Sunday, November 29, 2009

The Comic Book Industry Is Worried About Providing “Jumping On” Points, But What About “Jumping Off” Points? What was yours?

If you follow comic books and their related publications, I’m certain you’ve heard the buzz phrase “jumping on points”. For those of you not familiar with the concept, there’s an ever escalating concern that the modern comic book with its near total reliance on continued storylines and deep continuity requires too much prior knowledge for a casual buyer to pick up a book, read it and fully understand what’s going on, let alone enjoy the experience.

So, in an effort to bring in new readers, comic book publishers sometimes put out special issues with an easier to follow storyline intended as “jumping on” points for new readers. A related trend is “done in one” stories which promise the readers a story which is complete in one issue and thus less of a financial commitment than buying into a mini or maxi series.

While both are good ideas, I wonder if they miss a key point concerning comics sales erosion.

Perhaps of even more importance than providing “jumping ON” points for new readers could be not providing “jumping OFF” points for your established readers.

Most of the people with whom I work are hardcore comics fans, most of whom used to spend between fifty and one hundred dollars a week on their hobby, but few of whom buy even a fifth that much comic book product today. The reason? At some point, a storyline ignored what they considered cardinal to their enjoyment of the characters they loved. The comics presented them with a “jumping off” point, a point where their love of comics ceased being extended to the currently published books and very possibly to any comics published in the future.

For many first generation Marvel readers the jumping off point was Spider-Man’s “clone saga” storyline which invalidated years of closely followed stories. For much of the current readership it seems that Spidey’s “one more day” has a similar negative resonance.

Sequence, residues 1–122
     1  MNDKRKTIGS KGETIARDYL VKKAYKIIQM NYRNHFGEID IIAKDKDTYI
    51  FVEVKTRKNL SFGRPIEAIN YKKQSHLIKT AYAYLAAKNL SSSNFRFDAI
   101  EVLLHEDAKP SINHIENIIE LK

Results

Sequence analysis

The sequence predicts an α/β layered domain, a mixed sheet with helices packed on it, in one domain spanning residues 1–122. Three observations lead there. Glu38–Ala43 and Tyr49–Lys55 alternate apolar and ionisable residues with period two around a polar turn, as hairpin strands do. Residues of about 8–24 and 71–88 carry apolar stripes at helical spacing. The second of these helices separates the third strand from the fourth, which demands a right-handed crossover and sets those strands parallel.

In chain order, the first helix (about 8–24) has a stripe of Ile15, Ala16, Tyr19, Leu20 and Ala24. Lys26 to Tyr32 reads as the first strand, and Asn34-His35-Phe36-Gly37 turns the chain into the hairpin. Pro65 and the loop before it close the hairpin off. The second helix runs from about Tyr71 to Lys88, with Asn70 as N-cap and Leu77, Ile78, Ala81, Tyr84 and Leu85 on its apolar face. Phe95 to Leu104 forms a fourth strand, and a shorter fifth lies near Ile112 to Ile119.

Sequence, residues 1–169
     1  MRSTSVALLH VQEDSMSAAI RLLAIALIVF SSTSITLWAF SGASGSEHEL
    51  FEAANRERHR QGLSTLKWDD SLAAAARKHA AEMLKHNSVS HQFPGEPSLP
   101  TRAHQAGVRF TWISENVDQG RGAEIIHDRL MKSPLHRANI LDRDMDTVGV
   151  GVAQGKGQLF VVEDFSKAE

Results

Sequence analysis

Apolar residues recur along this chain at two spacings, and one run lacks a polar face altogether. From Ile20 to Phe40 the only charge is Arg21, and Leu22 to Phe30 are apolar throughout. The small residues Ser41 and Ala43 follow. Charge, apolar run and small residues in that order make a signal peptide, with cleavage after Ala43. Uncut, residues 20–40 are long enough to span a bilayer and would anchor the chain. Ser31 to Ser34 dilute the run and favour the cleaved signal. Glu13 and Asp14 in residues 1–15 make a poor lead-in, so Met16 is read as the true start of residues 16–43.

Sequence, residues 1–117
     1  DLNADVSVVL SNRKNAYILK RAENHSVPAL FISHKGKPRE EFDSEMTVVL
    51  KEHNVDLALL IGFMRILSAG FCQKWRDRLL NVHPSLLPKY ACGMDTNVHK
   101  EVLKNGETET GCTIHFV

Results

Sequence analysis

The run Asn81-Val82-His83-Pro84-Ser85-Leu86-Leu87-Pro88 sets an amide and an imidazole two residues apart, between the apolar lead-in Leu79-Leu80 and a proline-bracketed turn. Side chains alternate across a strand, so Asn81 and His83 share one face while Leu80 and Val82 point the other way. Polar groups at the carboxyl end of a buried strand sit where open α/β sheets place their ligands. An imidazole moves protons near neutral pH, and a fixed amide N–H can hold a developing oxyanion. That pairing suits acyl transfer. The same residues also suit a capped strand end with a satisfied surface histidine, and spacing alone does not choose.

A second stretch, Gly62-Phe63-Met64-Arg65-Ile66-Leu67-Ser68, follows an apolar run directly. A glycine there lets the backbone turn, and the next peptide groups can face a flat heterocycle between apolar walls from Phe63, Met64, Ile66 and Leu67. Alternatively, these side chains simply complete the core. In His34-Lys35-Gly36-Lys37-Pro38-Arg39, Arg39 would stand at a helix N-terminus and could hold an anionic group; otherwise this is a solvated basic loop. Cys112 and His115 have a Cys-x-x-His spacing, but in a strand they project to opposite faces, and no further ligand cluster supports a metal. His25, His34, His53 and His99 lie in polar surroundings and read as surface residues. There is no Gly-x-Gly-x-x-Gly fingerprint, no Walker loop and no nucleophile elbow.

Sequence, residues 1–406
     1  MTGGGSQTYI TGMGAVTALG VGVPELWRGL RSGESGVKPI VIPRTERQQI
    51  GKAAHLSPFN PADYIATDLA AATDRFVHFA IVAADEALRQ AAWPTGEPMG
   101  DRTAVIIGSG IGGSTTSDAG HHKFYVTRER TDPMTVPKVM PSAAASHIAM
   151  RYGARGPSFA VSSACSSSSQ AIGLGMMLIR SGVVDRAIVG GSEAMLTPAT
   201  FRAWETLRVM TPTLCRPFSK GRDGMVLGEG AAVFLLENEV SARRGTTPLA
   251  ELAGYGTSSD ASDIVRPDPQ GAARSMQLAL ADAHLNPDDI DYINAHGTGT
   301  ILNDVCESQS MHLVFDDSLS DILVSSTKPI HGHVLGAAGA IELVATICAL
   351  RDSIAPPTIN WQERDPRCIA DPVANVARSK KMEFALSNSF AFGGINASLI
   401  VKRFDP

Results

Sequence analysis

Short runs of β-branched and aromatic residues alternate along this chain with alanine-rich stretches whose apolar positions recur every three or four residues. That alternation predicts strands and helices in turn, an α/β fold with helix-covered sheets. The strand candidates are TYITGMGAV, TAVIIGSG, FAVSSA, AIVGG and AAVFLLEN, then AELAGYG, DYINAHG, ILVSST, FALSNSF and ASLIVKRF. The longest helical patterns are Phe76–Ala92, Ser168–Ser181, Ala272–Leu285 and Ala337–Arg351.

The Mayhem’s jumping off point came when Marvel put both Daredevil and Captain America in ridiculous-looking body armor without realizing that much of both characters’ core appeal lay in their agility, which was compromised by the bulk of their new costumes.

So, what was YOUR jumping off point? And if you had one, did you discover a new jumping on point?

As always the images and visuals are copyright by their rights holders. The Masked Mayhem images and related text are Copyright Will Meugniot 2009.


  1. There really was no jumping off point for me. I just faded away as the field went down what I consider to be a bad evolutionary path. There's not much magic to make me stop and pick up a comic from a rack these days. Sad. I get more kicks drawing them than reading them now.

    BTW, Bill Black said to tell you howdy back.

  2. My jumping off point was when Todd Macfarlane took over and Spidey got married. That was the end of Marvel for me. Never did collect DC. I took a ten year break from AC when the giant women took over, although I am back with AC now

  3. Mark -- glad you're back in the AC fold!

  4. Well, for me it was the mid-80's, when I decided to quit buying books I didn't really like just for collection's sake. I was astonished to find out I'd cut out just about all of Marvel. For DC, it was the Crisis: they violated so much of the old heroes' personality for me that I couldn't keep up with the new stuff, and anyway, I loved Supergirl, and they killed her. Liked Carlin's Superman, though.

  5. Honestly, I think the VILLAINS play a big part in a story's extended interest points. Comic book WRITERS tend to think comic book READERS are dumb and won't notice that they have created "filler" or "stand-in" villains. It's CRAP and YES, we noticed it. Ask any REAL comic book fan about a super-hero and then ask him what his associated villains are and they can only name a few because those were the good ones. Batman has his Joker. Spider-Man has his Green Goblin (and Venom). Intriguing concepts are a PLUS for readers. But, some times, a writer goes overboard. Check out the "Rock of Ages" storyline in the pages of JLA (1997/1998) and you'll see what I mean. What we really need is DAMN GOOD WRITERS... where are the Gerry Conway's, Doug Moench's, and Alan Moore's of 2013??? Joss Whedon is doing a good job but I don't see much coming out of the other writers of today and most of those "good/old" writers are dying off now. :(